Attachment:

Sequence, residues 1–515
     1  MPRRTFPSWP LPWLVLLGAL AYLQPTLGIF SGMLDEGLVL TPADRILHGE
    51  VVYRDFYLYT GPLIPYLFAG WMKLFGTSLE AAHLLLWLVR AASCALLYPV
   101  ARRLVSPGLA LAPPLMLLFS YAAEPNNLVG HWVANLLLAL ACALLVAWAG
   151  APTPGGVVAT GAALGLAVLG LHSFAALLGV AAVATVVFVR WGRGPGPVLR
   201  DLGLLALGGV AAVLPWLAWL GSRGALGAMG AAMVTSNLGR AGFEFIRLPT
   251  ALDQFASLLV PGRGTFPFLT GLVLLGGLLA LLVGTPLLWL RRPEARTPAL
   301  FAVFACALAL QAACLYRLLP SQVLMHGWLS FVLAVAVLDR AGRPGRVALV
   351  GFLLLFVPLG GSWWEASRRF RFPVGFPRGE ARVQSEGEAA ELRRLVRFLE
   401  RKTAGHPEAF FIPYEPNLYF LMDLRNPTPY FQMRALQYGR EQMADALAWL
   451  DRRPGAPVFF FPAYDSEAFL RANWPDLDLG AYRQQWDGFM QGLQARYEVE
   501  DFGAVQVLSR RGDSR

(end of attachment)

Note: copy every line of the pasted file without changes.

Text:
Sequence, residues 1–515
     1  MPRRTFPSWP LPWLVLLGAL AYLQPTLGIF SGMLDEGLVL TPADRILHGE
    51  VVYRDFYLYT GPLIPYLFAG WMKLFGTSLE AAHLLLWLVR AASCALLYPV
   101  ARRLVSPGLA LAPPLMLLFS YAAEPNNLVG HWVANLLLAL ACALLVAWAG
   151  APTPGGVVAT GAALGLAVLG LHSFAALLGV AAVATVVFVR WGRGPGPVLR
   201  DLGLLALGGV AAVLPWLAWL GSRGALGAMG AAMVTSNLGR AGFEFIRLPT
   251  ALDQFASLLV PGRGTFPFLT GLVLLGGLLA LLVGTPLLWL RRPEARTPAL
   301  FAVFACALAL QAACLYRLLP SQVLMHGWLS FVLAVAVLDR AGRPGRVALV
   351  GFLLLFVPLG GSWWEASRRF RFPVGFPRGE ARVQSEGEAA ELRRLVRFLE
   401  RKTAGHPEAF FIPYEPNLYF LMDLRNPTPY FQMRALQYGR EQMADALAWL
   451  DRRPGAPVFF FPAYDSEAFL RANWPDLDLG AYRQQWDGFM QGLQARYEVE
   501  DFGAVQVLSR RGDSR